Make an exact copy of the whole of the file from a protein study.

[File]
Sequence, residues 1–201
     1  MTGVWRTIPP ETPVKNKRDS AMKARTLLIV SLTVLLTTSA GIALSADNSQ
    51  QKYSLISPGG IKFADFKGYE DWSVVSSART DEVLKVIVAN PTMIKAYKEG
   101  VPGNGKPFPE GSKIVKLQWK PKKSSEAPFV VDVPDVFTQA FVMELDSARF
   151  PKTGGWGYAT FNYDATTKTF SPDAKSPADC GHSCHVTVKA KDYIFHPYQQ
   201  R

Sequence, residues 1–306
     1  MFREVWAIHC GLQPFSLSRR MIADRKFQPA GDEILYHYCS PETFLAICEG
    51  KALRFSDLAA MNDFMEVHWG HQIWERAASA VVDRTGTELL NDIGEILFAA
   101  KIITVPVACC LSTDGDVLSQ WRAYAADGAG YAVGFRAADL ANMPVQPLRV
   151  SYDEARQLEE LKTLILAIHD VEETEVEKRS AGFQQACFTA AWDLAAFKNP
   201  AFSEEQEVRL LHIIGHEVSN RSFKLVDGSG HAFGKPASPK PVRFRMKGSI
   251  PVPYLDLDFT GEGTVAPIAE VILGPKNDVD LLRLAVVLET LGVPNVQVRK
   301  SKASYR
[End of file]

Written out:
Sequence, residues 1–201
     1  MTGVWRTIPP ETPVKNKRDS AMKARTLLIV SLTVLLTTSA GIALSADNSQ
    51  QKYSLISPGG IKFADFKGYE DWSVVSSART DEVLKVIVAN PTMIKAYKEG
   101  VPGNGKPFPE GSKIVKLQWK PKKSSEAPFV VDVPDVFTQA FVMELDSARF
   151  PKTGGWGYAT FNYDATTKTF SPDAKSPADC GHSCHVTVKA KDYIFHPYQQ
   201  R

Sequence, residues 1–306
     1  MFREVWAIHC GLQPFSLSRR MIADRKFQPA GDEILYHYCS PETFLAICEG
    51  KALRFSDLAA MNDFMEVHWG HQIWERAASA VVDRTGTELL NDIGEILFAA
   101  KIITVPVACC LSTDGDVLSQ WRAYAADGAG YAVGFRAADL ANMPVQPLRV
   151  SYDEARQLEE LKTLILAIHD VEETEVEKRS AGFQQACFTA AWDLAAFKNP
   201  AFSEEQEVRL LHIIGHEVSN RSFKLVDGSG HAFGKPASPK PVRFRMKGSI
   251  PVPYLDLDFT GEGTVAPIAE VILGPKNDVD LLRLAVVLET LGVPNVQVRK
   301  SKASYR